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The 10x return is the golden rule of thumb for investors. While the obsession with this exact number might be the fodder for memes, the reality is on paper this number is something of a necessity given the inherent riskiness of the nature of technology investing. Most investments venture capitalists make fail, but a handful makes such spectacular returns that they subsidize the failures and cover the cost of running the investment company as well as managing the fund. In short: a 10x return is the benchmark for success for a VC.
But just how skewed is this distribution of winners to losers? Pretty intensely skewed, according to new research published on the blog of Correlation Ventures.
As the chart demonstrates the vast majority of investments make only pittance for the company. 64% of financings barely break even, while approximately 31% will make a return on investment, but too low to be counted as a profitable win for the firm after you subtract the cost of failed investments, management and overhead.
From Correlation Ventures:
About half (51%) of all of the capital invested into venture-funded companies exiting over the last decade lost money, while less than 4% generated a 10X return or greater multiple. When calculated as a percent of financings, rather than by dollars, the distribution is even more skewed: almost two thirds of financings lost money for investors.
Perhaps more interesting than this is the historical data that plots the "hit rate", that is how many investments panned out to get that coveted 10x return.
Obviously the hysteria of the dot-com boom during the late 1990s is going to skew things, but what's intriguing here is how things have still not quite recovered. Even though we are living in an era where VCs seemingly throw money around and assign huge valuations to everything from VR startups to Blockchain-anything, the actual success ratio appears to still be lower despite the emergence of new markets. Back in the 1990s there were no smartphones (per Statsia, in 2018 mobile apps generated $365 billion in revenue) and streaming media; the web ecosystem was relatively immature. The point being, in the current year there are a lot more ways to sell someone something and make money from it than in the 1990s.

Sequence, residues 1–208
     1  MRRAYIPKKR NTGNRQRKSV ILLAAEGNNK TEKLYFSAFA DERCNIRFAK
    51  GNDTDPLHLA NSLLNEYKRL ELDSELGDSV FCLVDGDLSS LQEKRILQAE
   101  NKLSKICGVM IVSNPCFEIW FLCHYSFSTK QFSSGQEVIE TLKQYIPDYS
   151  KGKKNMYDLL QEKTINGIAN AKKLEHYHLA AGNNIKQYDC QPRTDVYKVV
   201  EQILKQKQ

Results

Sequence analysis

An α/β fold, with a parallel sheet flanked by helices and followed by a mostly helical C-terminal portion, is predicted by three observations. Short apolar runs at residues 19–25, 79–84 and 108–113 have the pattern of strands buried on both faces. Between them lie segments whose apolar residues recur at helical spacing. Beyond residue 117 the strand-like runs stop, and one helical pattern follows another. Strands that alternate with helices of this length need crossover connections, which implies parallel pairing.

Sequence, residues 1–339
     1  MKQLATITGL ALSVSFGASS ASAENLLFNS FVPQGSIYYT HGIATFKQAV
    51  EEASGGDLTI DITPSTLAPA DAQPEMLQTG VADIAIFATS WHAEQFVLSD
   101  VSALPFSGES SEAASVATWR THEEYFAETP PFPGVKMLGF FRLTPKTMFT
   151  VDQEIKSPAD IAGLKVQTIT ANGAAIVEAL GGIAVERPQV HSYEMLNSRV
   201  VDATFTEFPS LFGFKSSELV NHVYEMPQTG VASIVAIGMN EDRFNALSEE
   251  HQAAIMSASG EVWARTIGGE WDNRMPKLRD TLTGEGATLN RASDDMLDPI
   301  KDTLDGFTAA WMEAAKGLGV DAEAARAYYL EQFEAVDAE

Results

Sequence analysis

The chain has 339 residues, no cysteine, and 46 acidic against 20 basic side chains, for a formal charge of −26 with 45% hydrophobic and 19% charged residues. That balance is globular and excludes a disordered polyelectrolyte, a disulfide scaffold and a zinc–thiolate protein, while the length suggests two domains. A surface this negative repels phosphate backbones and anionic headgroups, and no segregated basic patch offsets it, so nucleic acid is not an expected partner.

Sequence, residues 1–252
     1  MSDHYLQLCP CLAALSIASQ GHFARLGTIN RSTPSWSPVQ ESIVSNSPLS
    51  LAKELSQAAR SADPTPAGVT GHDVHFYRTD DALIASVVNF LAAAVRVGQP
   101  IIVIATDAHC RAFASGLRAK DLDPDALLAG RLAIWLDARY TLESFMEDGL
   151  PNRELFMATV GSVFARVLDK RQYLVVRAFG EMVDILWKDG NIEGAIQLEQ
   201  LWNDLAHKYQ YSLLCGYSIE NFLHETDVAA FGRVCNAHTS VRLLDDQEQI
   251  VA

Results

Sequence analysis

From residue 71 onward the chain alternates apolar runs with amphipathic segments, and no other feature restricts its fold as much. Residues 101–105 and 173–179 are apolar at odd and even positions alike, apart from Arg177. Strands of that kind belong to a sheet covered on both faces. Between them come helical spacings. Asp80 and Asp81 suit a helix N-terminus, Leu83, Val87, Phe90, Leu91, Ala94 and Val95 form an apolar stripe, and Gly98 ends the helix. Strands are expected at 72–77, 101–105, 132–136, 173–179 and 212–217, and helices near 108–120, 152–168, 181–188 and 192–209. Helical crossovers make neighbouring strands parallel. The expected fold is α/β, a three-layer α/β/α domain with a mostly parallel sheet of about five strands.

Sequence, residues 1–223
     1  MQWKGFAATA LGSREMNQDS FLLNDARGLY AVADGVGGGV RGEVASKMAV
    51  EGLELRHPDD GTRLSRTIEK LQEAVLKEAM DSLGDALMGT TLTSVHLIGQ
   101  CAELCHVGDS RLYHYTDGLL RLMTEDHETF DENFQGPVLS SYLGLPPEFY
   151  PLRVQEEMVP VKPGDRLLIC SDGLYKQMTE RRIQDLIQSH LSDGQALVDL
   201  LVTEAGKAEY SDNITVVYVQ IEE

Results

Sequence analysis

Cambridge Associates, a firm that tracks the VC industry and provides data and analysis, suggested in 2012 that the whole VC model was broken, as the aggregate return of VC investments in the 2000s was less than the stock market (recession included!)
"Venture capital has delivered poor returns for more than a decade," the authors noted. "VC returns haven't significantly outperformed the public market since the late 1990s, and, since 1997, less cash has been returned to investors than has been invested in VC. Speculation among industry insiders is that the VC model is broken, despite occasional high-profile successes like Groupon, Zynga, LinkedIn, and Facebook in recent years."
The piece argued that VCs in the early-mid 2000s were putting entrepreneurs on a 18-24 month runway leash, which wouldn't let ideas mature. In many ways the end result of this has been something else entirely: big, bold bets that have propped up technology that the market has a limited enthusiasm for but needs to be forced as there's so much money already invested in it (sort of like a reverse technological determinism).
Swinging for the 10x Return, and Investing in a Lot of Junk
The folks and Correlation Ventures posit that the reason why the performance of VCs hasn't been that great on average -- but stunning for a few isolated cases -- is the strategy of swinging for the fences. That is, VCs place big bold bets, creating Unicorns (companies with a $1 billion valuation or more) out of companies that otherwise don't have the business fundamentals to match it.
A perfect example of this would be the AR/VR space. The momentum for phone-based AR, with the exception of Snapchat and the one-hit-wonder that is Pokemon Go, just isn't there. Even Apple and its fanboy fundamentalists can't convince people that its ARKit releases have led to anything other than some cool tech demos; Only a handful of Android OEMs are boasting about compatibility with Google’s ARCore platform.
Billions have been spent in this segment of the market, and despite all of the stakeholders telling us how important VR would be for gaming this decade, the only tethered VR headset selling well is for the Playstation 4. Magic Leap, which despite a number of well-crafted promotional videos, and $2.3 billion in funding, has only a $2,295 technology demo/developer kit headset and lost government contracts to show for it. Despite all the so-called smart VC money that has been poured into Magic Leap, Microsoft (NASDAQ:MSFT), which is very much not VC funded, has found a lot of momentum in the Enterprise sector with the HoloLens and is almost ready to release a new version.
The willingness for VCs to take big risks and write big checks means that market segments and product types get propelled for longer than they should be alive simply because of the money invested in them. This only depletes VC funds and means that legitimate but low-profile startups can't get the capital they need to grow. Considering the lack of market traction, the AR/VR market shouldn't be as alive as it is but so much money has already been invested already it needs to stay afloat with the hopes that there's some sort of return on investment at the end -- even if it's not 10x.